9A.5 Energetics of Deep Alpine Valleys in Pooling and Draining Configurations

Wednesday, 22 June 2016: 9:00 AM
The Canyons (Sheraton Salt Lake City Hotel)
Gabriele Arduini, University of Grenoble and University of Hertfordshire, Hatfield, United Kingdom; and C. Chemel and C. Staquet

A numerical model is used to investigate the nocturnal atmospheric boundary layer in valleys that open either on a wider valley (draining configuration) or on a narrower valley (pooling configuration), under decoupled conditions. The analysis is focused on the effect of the latter, to the former, referred to as upstream valley. All results below are for the upstream valley. Weak to moderate draining and pooling cases are considered.

Numerical results show that the structure of the nocturnal valley boundary layer is substantially different for the draining and pooling configurations. The greater the pooling, the deeper and colder is the boundary layer. Down-valley winds are weaker in pooling and draining valleys than in equivalent valleys opening directly on a plain, because of the reduction of the along-valley pressure gradient due to the presence of the neighbouring valley.

Subsequently, we moved to the analysis of the thermodynamical processes controlling the evolution of the valley boundary layer. Following the idea of Schmidli and Rotunno (J. Atmos. Sci. 2010), the geometrical effects (expressed by the topographic amplification factor), can be separated from the processes controlling the valley heat budget (namely diabatic and transport processes), when examining the differential cooling between different along-valley sections. Quantities are averaged over the valley volume.

We firstly compared the heat budget of different cross-valley sections along the valley. Once the down-valley wind is fully developed, all the cases considered present a nearly-homogeneous cooling rate in the along-valley direction. The contribution of the diabatic processes to the valley heat budget, when appropriately weighted, hardly varies along the valley axis for both the pooling and draining cases. Conversely, the contribution of advection to the valley heat budget varies along the valley axis depending on the configuration: it decreases for a pooling configuration, and increases for a draining configuration. Hence, the temperature differences along the valley axis are controlled by the variations of the advection contribution along the valley axis, and modulated by the geometrical effects.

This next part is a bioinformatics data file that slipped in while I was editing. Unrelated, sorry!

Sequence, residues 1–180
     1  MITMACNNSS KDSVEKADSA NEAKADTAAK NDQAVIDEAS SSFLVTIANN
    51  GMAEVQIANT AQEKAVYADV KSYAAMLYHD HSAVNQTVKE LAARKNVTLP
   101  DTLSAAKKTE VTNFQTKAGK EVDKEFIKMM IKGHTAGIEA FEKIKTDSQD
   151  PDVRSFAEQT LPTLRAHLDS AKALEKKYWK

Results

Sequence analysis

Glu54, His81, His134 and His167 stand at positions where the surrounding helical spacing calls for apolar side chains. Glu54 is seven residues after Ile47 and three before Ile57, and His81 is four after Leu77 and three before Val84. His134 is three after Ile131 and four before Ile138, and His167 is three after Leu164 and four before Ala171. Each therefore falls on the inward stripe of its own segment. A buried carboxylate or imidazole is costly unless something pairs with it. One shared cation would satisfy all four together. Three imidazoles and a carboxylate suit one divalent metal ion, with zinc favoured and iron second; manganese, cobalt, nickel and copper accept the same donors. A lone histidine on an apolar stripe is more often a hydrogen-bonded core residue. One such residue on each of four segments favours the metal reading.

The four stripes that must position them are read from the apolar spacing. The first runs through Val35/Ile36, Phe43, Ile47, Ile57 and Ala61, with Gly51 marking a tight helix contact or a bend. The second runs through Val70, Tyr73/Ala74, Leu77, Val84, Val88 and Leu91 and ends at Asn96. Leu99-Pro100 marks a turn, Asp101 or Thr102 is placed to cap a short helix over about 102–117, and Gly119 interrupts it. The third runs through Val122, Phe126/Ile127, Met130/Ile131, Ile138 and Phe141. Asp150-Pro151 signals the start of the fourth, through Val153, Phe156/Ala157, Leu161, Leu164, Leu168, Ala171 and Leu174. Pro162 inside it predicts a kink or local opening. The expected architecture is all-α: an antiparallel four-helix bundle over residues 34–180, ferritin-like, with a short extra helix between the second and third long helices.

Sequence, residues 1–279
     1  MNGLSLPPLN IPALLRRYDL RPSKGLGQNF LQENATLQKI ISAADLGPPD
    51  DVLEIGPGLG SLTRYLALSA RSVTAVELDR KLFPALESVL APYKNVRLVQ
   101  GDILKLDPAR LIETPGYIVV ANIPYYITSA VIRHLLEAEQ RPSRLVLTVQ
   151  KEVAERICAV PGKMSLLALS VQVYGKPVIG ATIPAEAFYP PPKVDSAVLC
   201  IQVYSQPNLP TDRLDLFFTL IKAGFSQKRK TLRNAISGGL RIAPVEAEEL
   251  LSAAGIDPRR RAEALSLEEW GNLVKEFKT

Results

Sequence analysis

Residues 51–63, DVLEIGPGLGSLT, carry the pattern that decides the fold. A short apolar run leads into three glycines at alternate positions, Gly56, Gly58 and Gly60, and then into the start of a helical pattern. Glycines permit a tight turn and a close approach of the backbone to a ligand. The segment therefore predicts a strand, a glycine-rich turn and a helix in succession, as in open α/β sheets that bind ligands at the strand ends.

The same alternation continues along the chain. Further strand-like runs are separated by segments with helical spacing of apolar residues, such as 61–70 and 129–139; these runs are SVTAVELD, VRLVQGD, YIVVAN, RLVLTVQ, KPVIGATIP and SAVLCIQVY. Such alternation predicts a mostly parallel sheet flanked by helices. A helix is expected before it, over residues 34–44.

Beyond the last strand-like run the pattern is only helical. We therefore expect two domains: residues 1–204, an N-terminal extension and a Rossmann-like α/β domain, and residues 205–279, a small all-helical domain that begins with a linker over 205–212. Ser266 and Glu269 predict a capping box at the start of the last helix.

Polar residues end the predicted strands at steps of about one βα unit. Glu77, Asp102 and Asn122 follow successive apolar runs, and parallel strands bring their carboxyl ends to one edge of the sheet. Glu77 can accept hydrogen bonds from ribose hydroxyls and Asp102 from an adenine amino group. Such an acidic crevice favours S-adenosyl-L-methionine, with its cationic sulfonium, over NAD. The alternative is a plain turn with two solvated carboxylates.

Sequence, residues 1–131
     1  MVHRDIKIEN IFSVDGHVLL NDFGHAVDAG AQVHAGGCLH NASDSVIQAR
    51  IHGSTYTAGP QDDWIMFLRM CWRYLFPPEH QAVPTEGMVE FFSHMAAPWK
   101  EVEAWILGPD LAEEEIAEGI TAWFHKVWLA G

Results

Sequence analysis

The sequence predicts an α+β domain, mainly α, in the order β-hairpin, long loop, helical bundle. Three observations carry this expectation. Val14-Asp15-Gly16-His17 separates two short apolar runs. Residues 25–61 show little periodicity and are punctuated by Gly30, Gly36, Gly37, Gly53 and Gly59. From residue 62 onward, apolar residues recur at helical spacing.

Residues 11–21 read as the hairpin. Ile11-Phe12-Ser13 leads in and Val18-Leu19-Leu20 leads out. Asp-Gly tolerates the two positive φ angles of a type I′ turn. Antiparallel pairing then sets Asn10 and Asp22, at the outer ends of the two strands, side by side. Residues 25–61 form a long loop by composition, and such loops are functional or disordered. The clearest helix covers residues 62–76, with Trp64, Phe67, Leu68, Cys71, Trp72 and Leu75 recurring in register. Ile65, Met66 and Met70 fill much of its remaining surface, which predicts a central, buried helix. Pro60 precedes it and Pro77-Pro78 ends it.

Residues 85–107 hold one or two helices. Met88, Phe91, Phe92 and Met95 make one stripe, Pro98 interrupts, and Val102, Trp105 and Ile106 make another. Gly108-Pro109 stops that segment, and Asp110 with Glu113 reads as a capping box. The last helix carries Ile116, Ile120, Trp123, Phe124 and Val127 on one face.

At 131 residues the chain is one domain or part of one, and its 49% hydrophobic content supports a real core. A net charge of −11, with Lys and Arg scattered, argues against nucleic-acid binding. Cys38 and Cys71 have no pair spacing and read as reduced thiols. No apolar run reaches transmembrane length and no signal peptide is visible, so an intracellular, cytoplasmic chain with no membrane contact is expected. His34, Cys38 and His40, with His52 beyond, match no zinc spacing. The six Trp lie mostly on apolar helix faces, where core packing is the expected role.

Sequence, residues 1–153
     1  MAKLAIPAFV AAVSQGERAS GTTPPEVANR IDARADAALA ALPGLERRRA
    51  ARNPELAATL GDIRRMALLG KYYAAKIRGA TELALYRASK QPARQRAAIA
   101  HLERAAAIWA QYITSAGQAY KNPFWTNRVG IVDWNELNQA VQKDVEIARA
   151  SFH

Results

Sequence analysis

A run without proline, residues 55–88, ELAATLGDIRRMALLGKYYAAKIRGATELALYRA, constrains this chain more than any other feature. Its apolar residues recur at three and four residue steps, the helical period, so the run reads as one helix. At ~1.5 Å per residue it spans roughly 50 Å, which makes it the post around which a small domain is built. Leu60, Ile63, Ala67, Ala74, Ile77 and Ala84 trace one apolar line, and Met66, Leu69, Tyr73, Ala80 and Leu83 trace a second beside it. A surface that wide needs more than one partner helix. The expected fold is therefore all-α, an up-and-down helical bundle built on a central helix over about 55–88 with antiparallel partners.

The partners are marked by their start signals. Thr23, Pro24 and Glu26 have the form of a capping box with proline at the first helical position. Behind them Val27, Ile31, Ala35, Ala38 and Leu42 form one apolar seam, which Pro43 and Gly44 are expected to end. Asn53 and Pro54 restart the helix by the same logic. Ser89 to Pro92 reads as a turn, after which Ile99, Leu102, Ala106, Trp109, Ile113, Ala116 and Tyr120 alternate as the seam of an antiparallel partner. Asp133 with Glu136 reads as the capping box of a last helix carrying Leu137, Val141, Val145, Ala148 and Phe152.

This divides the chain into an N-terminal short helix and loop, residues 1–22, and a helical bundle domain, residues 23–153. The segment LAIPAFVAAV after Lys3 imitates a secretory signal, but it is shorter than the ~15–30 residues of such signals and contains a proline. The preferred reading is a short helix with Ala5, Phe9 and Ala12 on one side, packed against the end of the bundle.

We then compared the heat budget of valley and plain sections. Pooling increases the temperature difference between the valley and the plain. For the moderate pooling case, the valley to plain temperature difference can be explained by the topographic amplification factor during the early night. That is because the greater the pooling, the weaker is the heat transfer between the valley and the plain. For moderate pooling, the larger heat input (i.e. warming) due to advection within the valley with respect to the plain, is comparable (in amplitude) to the heat loss (i.e. cooling) due to diabatic processes. The latter are larger in a valley with respect to a plain because of down-slope winds, that enhance the surface sensible heat fluxes on the slopes.

In the absence of significant dynamical processes, the valley to plain temperature differences can be possibly explained by the topographic amplification factor. Our results suggest that this condition can be reached in a relatively open valley by a balance between the ‘extra' heat loss within the valley due to the surface sensible heat flux and the heat input due to advection; the along-valley constriction is key to reaching this balance.

- Indicates paper has been withdrawn from meeting
- Indicates an Award Winner